Oracles are an increasingly important element of the evolving blockchain ecosystem. Blockchains are typically unable to access data external to their own network, which makes it difficult to integrate off-chain assets into on-chain networks.

Oracles function as agents that find and verify real-world data and then brings this data on-chain to be integrated into smart contracts.

Technical Teardown

The ChainLink project is currently focused on creating a decentralized network of oracles that are compatible with the Bitcoin, Ethereum and Hyperledger blockchains. From a technical perspective, the ChainLink system begins with on-chain contracts deployed on the Ethereum blockchain.

These smart contracts process data requests from network users that want to take advantage of the oracle services ChainLink provides. In order to access off-chain data, users submit smart contracts to ChainLink, which then processes these contracts into ChainLink-specific contracts.

ChainLink smart contracts then perform three functions:

  • Reputation Assessment: Users are able to submit smart contracts with a defined range of parameters, which includes oracle reputation, called a service level agreement. Oracles that misbehave and deliver poor data are penalized, as well as taking a reputation hit. Oracles themselves bid on requesting contracts. Then, once a contract receives a sufficient amount of bids, the service agreement begins.
  • Oracling: Once off-chain oracles are selected, they then execute the agreement and deliver the requested data
  • Aggregation: As a third step, an aggregating contract collects all data delivered by off-chain oracles and then averages it, creating a weighted aggregate answer.

The second element of the ChainLink solution is a series of off-chain oracle nodes that connect to the Ethereum blockchain. At this point in time ChainLink is only able to communicate with Ethereum-based smart contracts, but the ChainLink team aim to shift to a blockchain-agnostic solution in future.

Off-chain nodes gather the information requested by user-submitted contracts when they win a bid. After delivering the requested data, these nodes are paid in the native token of the ChainLink platform, LINK.

Where is ChainLink Trading?

ChainLink is primarily traded on Binance, which accounts for more than 97% of LINK trading volume in ETH and BTC. ChainLink has recently captured a significant amount of attention for its strong partnerships and promising solution and has broken out dramatically, trading up just under 65% in one week at the time of this report.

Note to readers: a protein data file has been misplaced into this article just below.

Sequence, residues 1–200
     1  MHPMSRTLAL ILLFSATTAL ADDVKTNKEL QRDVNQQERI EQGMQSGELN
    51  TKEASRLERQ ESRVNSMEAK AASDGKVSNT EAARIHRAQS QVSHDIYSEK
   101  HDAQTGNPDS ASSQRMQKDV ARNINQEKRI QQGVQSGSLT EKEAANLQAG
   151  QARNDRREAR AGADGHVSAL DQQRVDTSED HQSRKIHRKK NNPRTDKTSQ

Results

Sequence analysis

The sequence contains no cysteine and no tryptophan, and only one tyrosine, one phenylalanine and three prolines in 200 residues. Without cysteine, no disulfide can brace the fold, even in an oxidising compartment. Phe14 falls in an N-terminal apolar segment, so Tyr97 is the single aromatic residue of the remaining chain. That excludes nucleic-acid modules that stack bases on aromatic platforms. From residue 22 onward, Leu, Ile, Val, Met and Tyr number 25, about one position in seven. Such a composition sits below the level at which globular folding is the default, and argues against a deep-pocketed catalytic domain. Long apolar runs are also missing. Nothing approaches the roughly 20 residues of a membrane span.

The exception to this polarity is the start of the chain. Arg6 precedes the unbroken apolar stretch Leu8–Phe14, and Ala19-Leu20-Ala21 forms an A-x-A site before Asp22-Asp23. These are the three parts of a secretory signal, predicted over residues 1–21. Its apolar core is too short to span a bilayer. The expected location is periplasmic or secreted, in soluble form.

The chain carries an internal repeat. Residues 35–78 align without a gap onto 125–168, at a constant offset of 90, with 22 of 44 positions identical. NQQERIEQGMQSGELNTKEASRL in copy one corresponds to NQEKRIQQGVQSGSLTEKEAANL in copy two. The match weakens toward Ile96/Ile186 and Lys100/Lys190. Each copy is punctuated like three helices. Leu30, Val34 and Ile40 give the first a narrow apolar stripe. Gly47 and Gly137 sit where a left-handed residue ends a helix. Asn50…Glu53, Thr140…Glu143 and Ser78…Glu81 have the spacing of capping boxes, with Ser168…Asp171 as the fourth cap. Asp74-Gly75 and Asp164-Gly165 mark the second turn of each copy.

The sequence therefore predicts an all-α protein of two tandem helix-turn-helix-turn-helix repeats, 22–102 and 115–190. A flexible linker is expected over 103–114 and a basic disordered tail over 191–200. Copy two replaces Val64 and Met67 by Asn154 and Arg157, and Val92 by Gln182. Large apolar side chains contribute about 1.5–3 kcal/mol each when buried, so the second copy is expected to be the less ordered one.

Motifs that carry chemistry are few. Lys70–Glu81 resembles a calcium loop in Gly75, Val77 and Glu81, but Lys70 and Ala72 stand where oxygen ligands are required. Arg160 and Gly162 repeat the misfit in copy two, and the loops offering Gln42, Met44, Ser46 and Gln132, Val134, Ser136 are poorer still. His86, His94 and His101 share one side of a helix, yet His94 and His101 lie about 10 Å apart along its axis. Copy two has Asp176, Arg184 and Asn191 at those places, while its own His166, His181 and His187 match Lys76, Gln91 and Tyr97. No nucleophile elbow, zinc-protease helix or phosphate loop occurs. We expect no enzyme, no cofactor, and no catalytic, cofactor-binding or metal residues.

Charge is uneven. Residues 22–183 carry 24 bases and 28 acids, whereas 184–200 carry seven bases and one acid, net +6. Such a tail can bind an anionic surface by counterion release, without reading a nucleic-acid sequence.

ChainLink 3 Month Chart
ChainLink traded at a high of $1.38 on January 8th, but is currently trading at $0.64.

The Future of ChainLink

The tight-lipped ChainLink dev team has not released a roadmap for 2018 but the ChainLink testnet is currently live, with a launch of the simplified mainnet expected in Q1 2018.

The hands-off approach to marketing taken by Nazarov does appear to frustrate some community members, but the sacrifice made in brand placement and hype appears to have allowed the ChainLink dev team to make significant progress on their project.

While the ChainLink project may seem complex, it could be a powerful game-changer for the way blockchain networks interact with off-chain systems. The project could definitely benefit from more communication from the development team, however.

For more information on ChainLink, including current price, market cap, technical information and social media links, check out our ChainLink coin profile.

Filed Under: Coin Intros
Sam Town

Sam Town

Samuel is a freelance journalist, digital nomad, and crypto enthusiast based out of Bangkok, Thailand. As an avid observer of the rapidly evolving blockchain ecosystem he specializes in the FinTech sector, and when not writing explores the technological landscape of Southeast Asia.